Weekend Update

October 19, 2015

Let’s get caught up on the news of the last few days..

  • Pat Listach‘s team in the Dominican Winter League opened play on Friday. He’s managing Estrellas de Oriente, which is the DR’s version of the Chicago Cubs: they’ve been around since 1910, and their only championships came in 1954 and 1968. This league has only six teams in it – you’re supposed to win more frequently than that! Well, they went 2-1 on opening weekend, with Rainiers first baseman Ji-Man Choi helping out by going 3-for-12 with a triple, HR, and three RBI. Some other PCL players you may know are on the roster: Fresno DH Tyler White, Salt Lake outfielder Alfredo Marte, and New Orleans outfielder Jordany Valdespin have appeared in games.
  • Bob Dutton has some additional notes on Rainiers playing winter ball.
  • The Arizona Fall League continues today with James Paxton making his second start. Mariners farmhands D.J. Peterson, Tyler O’Neill, and Tyler Smith have each had a good start at the plate for the Peoria club.
  • My spies tell me that the Mariners managerial search is down to five. The industry – which in this case means people who work for teams other than the Mariners – continues to think that Angels Special Assistant Tim Bogar is the leader.
  • Former Cy Young Award winner Barry Zito announced his retirement today. He played in the PCL on his way up to the big leagues, and at the end of his career – he spent the entire 2015 season with Nashville, before getting a September opportunity to say goodbye in Oakland. He posted his own retirement announcement.
  • Ex-Rainiers hitting coach Jeff Pentland was let go by the Yankees. He’s a true veteran of the game, and I love his quote at the end of the story. I can picture him just shrugging and saying, “it’s the Yankees.”
  • On the field, the Mets have a 2-0 lead over the Cubs in the NLCS. Mets starting pitching has been dominant so far, but now the series moves to Wrigley – which played very small in the Cubs’ Division Series win over the Dodgers.
  • Kansas City has a 2-0 lead over Toronto with the series moving to the homer-friendly Rogers Centre tonight. Jonny Cueto gets the start for KC tonight; he had HR problems in the regular season but then dominated in the decisive fifth game of the Royals series against Houston. Which Cueto shows up tonight?

Check back Wednesday for my thoughts on one of the big stories of the PCL in 2015.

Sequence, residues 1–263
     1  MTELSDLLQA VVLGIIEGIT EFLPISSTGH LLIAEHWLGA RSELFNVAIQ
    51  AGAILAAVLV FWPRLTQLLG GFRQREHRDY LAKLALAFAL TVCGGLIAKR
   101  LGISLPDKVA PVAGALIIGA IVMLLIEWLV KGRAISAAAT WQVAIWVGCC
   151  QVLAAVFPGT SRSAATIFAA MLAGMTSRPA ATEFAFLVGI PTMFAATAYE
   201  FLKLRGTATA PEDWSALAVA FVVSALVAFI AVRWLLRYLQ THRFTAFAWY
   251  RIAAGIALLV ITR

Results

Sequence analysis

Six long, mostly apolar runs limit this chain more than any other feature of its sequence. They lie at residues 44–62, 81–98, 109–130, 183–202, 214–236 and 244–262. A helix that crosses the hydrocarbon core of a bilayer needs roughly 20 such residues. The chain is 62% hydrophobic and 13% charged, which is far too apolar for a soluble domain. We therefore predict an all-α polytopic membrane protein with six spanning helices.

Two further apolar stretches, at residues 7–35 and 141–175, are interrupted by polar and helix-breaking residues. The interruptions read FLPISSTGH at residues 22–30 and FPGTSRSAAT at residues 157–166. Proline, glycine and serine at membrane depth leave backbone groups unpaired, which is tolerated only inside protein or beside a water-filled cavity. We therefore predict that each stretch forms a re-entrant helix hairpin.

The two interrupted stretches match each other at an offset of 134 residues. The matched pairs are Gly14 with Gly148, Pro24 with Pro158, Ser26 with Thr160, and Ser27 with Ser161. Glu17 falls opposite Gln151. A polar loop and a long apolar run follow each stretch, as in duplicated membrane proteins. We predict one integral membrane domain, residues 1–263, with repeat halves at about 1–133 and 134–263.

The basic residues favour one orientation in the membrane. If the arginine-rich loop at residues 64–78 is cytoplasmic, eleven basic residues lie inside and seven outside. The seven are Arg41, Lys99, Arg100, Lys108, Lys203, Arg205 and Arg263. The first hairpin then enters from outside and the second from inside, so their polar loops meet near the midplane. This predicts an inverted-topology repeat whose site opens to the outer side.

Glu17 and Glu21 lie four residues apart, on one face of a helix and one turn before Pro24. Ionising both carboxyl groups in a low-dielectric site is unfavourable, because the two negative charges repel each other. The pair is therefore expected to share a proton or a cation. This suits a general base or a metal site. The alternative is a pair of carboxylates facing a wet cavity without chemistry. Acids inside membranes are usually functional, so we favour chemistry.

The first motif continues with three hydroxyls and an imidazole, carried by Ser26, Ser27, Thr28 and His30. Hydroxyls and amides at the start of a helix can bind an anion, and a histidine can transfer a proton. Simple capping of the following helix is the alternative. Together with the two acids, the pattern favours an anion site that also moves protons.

Some M’s News and a Wild Inning

October 15, 2015

We got some clarity on recent Mariners minor league coaching news on Wednesday afternoon, and then the on-field baseball took center stage.

Details were released about the Mariners recent round of front office and coaching changes. You can find all of the information on the Mariners website, but here are the Rainiers-related takeaways:

  • Tacoma manager Pat Listach has been offered the opportunity to return as Tacoma manager. Listach has a lot of experience as a major league coach, and he’s also been interviewed for MLB manager jobs on multiple occasions. There are many major league possibilities for him – potentially including with the Mariners – so he’ll see what develops before committing. Listach is currently managing in the Dominican Winter League.
  • Minor league pitching coordinator Terry Clark and hitting coordinator Lee May Jr. were among the coaches who were not renewed by new GM Jerry Dipoto. Both visited Tacoma on many occasions and are class acts. Clark even served as the Rainiers pitching coach during the second half of the 2013 season.
  • Dipoto is keeping key members of the scouting department, with Tom McNamara handling the amateur side, and Tom Allison heading up the pro side.

This news came down during one of the wildest playoff games you’ll ever see.

The seventh inning of yesterday’s Rangers-Blue Jays game was ridiculous and awesome. It included a play I had never seen before, and ex-Rainiers outfielder Shin-Soo Choo was in the middle of it.

With the score tied 2-2 in the top of the seventh, Texas had Rougned Odor at third base with two outs. Choo was the batter.

On a 1-2 pitch, Choo took a high fastball for ball two. Catcher Russell Martin received the pitch, and threw the ball back to the pitcher just like normal… except his throw hit Choo’s bat. Choo was just standing there, still looking at the pitcher, when Martin’s throw glanced off his bat and rolled up the third base line. This was a live ball, and Odor raced home with the go-ahead run.